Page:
By Chris Lane
By Jeff Balke
By Aaron Reiss
By Angelica Leicht
By Dianna Wray
By Aaron Reiss
By Camilo Smith
By Craig Malisow
Collection agencies are generally not that hard to find. Most of the time, in fact, they're hard to get away from, given that their purpose in life is to be so ubiquitous, so in your face that people who've avoided paying off debts finally succumb and put that check in the mail.
But Municipal Collections Inc., which the city of Houston has contracted with to round up in excess of $60 million worth of overdue traffic and parking tickets, doesn't fit that easy-to-locate pattern. The suite in the Southwest Freeway office building that's supposed to be its official address displays no signage. And the company isn't listed on the office building's directory.
Still, given its history, the fact that Municipal Collections has all the visibility of a Stealth Bomber might be appropriate. By the time the company had arranged with the city to track down ticket scofflaws it had already used four different addresses and phone numbers -- and this from a firm that, at least in the eyes of Harris County and the Texas Secretary of State's office, didn't even exist until three weeks before the City Council decided it was the right company to round up lost revenue.
Yet despite the company's short and peripatetic life, it managed to beat out a number of better established collection agencies for the city's business, and for a deal that has the potential to earn some $2 million annually for the lucky contractor. Nearly two years after he lost out to Municipal Collections, Terry Simonds, president of Houston-based Universal Fidelity Corp., still has questions about how the contract was let. He wonders about how, once Municipal Collections entered the competition, the rules of the game were changed. And he can't help but notice that the increase in ticket collections that was supposed to flow from the new contract has not been around 25 percent as promised, but has hovered closer to 4 percent. The difference to the city is some $4 million a year.
"This thing," Simonds says, "stunk right from the beginning."
"This thing" began in late 1992, when staff members from the Municipal Courts Administration Department met with several companies interested in submitting proposals for a newly created multi-million dollar revenue contract. The city had decided to split its ticket collection business into two parts. Previously, all late tickets had been collected by Lockheed Information Systems Corp., but now Houston officials felt that income would be increased if traffic and parking fines up to 210 days delinquent were pursued separately from fines more than 210 days overdue. Lockheed declined to bid under the new arrangement, and the older tickets, or "old warrant cases," were turned over to San Diego-based West Capital Financial Services Corp.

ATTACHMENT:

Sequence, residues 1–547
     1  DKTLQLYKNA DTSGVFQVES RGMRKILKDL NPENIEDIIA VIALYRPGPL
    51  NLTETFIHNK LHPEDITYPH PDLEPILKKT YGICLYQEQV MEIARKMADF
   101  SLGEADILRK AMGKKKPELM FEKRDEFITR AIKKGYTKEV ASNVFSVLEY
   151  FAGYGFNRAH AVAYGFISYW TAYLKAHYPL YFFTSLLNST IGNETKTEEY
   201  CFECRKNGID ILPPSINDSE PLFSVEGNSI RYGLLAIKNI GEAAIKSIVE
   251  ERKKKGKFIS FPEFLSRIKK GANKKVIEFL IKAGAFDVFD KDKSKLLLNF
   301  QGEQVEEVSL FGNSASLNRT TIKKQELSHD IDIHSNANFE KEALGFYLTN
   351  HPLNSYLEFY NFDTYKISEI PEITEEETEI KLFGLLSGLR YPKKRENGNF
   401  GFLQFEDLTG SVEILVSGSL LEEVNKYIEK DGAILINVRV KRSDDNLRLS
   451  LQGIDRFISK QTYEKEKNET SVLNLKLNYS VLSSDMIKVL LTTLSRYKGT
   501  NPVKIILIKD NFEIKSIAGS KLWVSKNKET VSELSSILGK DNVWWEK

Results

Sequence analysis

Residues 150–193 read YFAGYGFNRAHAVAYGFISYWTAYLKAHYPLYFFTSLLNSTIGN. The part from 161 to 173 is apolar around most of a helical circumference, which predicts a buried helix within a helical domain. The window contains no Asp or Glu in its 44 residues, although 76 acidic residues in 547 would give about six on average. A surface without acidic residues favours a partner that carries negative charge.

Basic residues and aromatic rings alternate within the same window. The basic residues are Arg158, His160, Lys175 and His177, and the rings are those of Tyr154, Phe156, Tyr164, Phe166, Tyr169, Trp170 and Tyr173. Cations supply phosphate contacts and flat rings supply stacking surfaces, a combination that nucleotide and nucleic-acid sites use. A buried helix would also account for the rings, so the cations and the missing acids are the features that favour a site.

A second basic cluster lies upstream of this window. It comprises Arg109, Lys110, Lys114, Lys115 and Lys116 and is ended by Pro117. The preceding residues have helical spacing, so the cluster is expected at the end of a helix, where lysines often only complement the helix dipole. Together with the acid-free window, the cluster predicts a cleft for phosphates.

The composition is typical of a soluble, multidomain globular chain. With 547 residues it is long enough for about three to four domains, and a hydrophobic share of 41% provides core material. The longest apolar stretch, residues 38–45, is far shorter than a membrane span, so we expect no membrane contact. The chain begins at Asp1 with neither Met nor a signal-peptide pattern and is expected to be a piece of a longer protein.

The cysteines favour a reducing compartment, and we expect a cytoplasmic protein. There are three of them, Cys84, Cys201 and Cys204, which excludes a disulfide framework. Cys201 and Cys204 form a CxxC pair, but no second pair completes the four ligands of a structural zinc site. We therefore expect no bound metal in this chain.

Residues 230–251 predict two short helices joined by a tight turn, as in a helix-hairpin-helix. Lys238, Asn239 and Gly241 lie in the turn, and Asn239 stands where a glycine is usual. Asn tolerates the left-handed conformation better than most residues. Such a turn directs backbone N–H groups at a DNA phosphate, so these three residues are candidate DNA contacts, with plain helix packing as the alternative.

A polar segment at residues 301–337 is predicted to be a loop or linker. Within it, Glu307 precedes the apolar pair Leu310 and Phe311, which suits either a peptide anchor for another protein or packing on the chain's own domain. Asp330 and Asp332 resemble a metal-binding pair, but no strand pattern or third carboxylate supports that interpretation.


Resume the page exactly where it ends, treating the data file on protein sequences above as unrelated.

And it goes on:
Still at issue, though, were the "new warrant cases," and it was those that the court staff had gathered to discuss. As the meeting began, the president of one Houston collection firm announced, "Look, if this is going to be just another good ol' boy award and we're all not playing on a level playing field, don't waste my time."
Assurances were made that everything was on the up and up, and ten proposals were submitted, a number of them from established local and national collection firms who detailed exactly how they would carry out the new contract. But when the smoke cleared, the municipal court administrators had given their nod of approval to the fledgling Municipal Collections Inc. Several things distinguished Municipal Collections' pitch from the others, not the least of which was that, at the time, the company wasn't registered in Harris County or with the secretary of state's office. In other words, it didn't officially exist. That registration wasn't filed until March 10, 1993 -- just three weeks before City Council approved the recommendation that the company be awarded the contract.
But Municipal Collections had other distinguishing characteristics as well, chief among them the connections its principals had with the city and the administration of Mayor Bob Lanier. According to Municipal Collections' proposal, the company's principals included:
* William E. Wells, a municipal courts judge from 1983 to 1988.
* Peary Perry, a Lanier campaign worker and private investigator who for years had done security work at apartment buildings and financial institutions owned by the mayor. Perry's role as a source for a Channel 13 story on an insurance scam that put a serious dent in the mayoral bid of Lanier's 1991 runoff opponent, Sylvester Turner, is an element of Turner's pending libel lawsuit against the television station.
* Clyde Wilson, the locally renowned private investigator who in 1991 identified himself as the initial source of the Channel 13 story but who, according to a court deposition by a station employee, had suggested the station contact Perry for information on the insurance scam.
According to its proposal, Municipal Collections would start up for the express purpose of pursuing new warrant cases. The proposal cited Wilson's flair for tracking down absconders, Wells' experience and expertise with municipal courts, and Perry's role as a collection company owner -- though according to Perry's resume, at the time Peary Perry & Associates had no collections experience but had only done corporate and insurance-related investigations.
The proposal also failed to note that though Wells had been a judge, in 1989 he had been indicted on 20 counts of embezzling the Social Security checks of an elderly woman for whom he had been appointed guardian. In January 1990, Wells pleaded guilty to a single count, received five-year's probation and was ordered to pay $21,000 restitution. In 1993, Wells was disbarred.